The must-have kitchen appliances for almost two decades have been stainless steel. Their easy-to-clean surfaces and industrial appeal has made the home kitchen look more like a professional restaurant. But with all that stainless steel come fingerprints, dents and scratches. Maintaining it isn’t hard, but what about stains and damage to the finish? The good news is you may be able to fix many stainless steel problems.
Keeping your stainless steel looking good is a case of preventing damage to begin with. In sinks, adding a stainless sink grid or rubber liner and saddle over the divider can stop a lot of damage. Try to use spoon rests or plates by the stove to hold metallic cooking utensils so the stove surface isn’t scratched.
The beauty of stainless steel is its ease in cleaning. Use dishwashing detergent or stainless steel cleaner applied with a soft sponge or microfiber towel, and then wipe it dry. Avoid any chemicals like oven cleaners or anything with chloride (such as bleach) or acid (such as rust removers), because they can create stains on stainless surfaces.
Make a habit of wiping down your sink or stove after using. This will keep your stainless steel looking great and reduce the potential for rust or stains. Lastly, be careful not to use the abrasive or scratchy side of your sponge to clean your stove or sink; it can scratch the surface.
If you have scratches or damage, don’t attempt to remove without first trying the method in an inconspicuous area first. Always start with something soft and then work your way up the abrasion ladder.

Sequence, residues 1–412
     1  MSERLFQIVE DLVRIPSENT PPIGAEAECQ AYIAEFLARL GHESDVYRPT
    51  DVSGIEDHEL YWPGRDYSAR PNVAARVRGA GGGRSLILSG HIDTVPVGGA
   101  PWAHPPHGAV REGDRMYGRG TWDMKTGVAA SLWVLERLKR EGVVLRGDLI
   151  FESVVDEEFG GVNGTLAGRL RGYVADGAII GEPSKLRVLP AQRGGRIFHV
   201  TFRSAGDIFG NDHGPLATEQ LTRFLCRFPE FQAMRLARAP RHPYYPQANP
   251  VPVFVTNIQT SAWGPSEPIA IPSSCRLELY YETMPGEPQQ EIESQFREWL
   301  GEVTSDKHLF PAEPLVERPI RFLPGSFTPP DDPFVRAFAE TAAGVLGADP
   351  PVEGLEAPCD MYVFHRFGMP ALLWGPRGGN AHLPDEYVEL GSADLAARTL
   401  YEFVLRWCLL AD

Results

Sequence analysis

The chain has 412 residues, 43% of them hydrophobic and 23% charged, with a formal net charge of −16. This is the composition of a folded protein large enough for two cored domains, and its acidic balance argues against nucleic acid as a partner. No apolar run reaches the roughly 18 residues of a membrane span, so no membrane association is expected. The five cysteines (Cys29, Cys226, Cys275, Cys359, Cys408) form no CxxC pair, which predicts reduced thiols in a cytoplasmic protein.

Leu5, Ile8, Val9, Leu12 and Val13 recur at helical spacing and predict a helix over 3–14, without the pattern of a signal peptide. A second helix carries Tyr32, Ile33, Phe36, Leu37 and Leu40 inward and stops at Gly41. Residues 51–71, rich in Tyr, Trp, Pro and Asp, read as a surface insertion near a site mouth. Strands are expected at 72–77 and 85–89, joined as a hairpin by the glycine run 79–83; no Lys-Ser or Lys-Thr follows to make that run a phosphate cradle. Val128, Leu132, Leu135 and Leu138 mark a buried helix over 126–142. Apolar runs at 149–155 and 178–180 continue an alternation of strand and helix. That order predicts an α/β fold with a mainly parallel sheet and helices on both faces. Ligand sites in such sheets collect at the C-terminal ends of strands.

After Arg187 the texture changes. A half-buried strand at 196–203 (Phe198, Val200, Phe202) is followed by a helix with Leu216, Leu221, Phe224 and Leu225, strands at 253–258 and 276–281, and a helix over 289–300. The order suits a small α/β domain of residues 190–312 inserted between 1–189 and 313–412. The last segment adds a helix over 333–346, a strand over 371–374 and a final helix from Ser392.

It’s important to remember to always rub back and forth — with the grain of the metal — and not to use circular motions. If you use a circular motion, you’ll end up with more scratching and a marred finish.
To begin with, you may want to try baking soda mixed with dishwashing liquid. Make this into a paste and then gently rub the scratch before rinsing. The second method is a sponge with a small amount of liquid abrasive cleaner. For stubborn scratches, try a polishing paste made specifically for metal polishing.
Another way to remove scratches is with superfine steel wool and a small amount of cooking oil. But, again, always test first, and be sure to rub the scratch with even pressure and in a back-and-forth motion.
These methods are suitable for brushed stainless steel appliances. However, if you have a mirror finish surface with scratches, it may need to be replaced because this is the most difficult surface to repair.
After scratching, one of the most frustrating problems with stainless steel is a dent. Dents that are large and shallow can sometimes be pulled out with suction. Dings and creases are another problem altogether and aren’t typically something that is easily repaired; the metal usually needs to be removed and pounded from behind.